Calcium: A mineral found mainly in the hard part of bones, where it is stored. Calcium is added to bone by cells called osteoblasts and removed from bone by cells called osteoclasts. Calcium is essential for healthy bones and is also important for muscle contraction, heart action, and normal blood clotting. Food sources of calcium include dairy foods; some leafy green vegetables, such as broccoli and collards; canned salmon; clams; oysters; calcium-fortified foods; and soy foods, such as tofu. According to the National Academy of Sciences, adequate intake of calcium is 1 gram daily for both men and women. The upper limit for calcium intake is 2.5 grams daily.
Diarrhea: A common condition that involves unusually frequent and liquid bowel movements. The opposite of constipation. There are many infectious and noninfectious causes of diarrhea. Persistent diarrhea is both uncomfortable and dangerous to the health because it can indicate an underlying infection and may mean that the body is not able to absorb some nutrients due to a problem in the bowels. Treatment includes drinking plenty of fluids to prevent dehydration and taking over-the-counter remedies. People with diarrhea that persists for more than a couple days, particularly small children or elderly people, should seek medical attention.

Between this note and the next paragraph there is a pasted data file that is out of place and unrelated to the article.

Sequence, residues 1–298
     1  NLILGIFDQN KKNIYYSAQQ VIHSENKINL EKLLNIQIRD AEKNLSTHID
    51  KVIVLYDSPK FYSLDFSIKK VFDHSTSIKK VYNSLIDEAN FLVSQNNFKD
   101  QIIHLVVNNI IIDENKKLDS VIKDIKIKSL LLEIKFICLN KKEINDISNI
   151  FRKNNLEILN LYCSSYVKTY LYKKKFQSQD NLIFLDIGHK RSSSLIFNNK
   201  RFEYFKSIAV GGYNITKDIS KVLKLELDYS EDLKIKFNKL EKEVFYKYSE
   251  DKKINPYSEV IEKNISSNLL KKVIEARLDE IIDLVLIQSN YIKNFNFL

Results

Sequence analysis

Esophageal: Related to the esophagus.
Esophagitis: Inflammation of the esophagus.
Esophagus: The tube that connects the pharynx (throat) with the stomach. The esophagus lies between the trachea (windpipe) and the spine. It passes down the neck, pierces the diaphragm just to the left of the midline, and joins the cardiac (upper) end of the stomach. In an adult, the esophagus is about 25 centimeters (10 inches) long. When a person swallows, the muscular walls of the esophagus contract to push food down into the stomach. Glands in the lining of the esophagus produce mucus, which keeps the passageway moist and facilitates swallowing. Also known as the gullet or swallowing tube. From the Greek oisophagos, from oisein meaning to bear or carry + phagein, to eat.
FDA: Food and Drug Administration.
Generic: 1. The chemical name of a drug. 2. A term referring to the chemical makeup of a drug rather than to the advertised brand name under which the drug may be sold. 3.A term referring to any drug marketed under its chemical name without advertising.
Headache: A pain in the head with the pain being above the eyes or the ears, behind the head (occipital), or in the back of the upper neck. Headache, like chest pain or back ache, has many causes.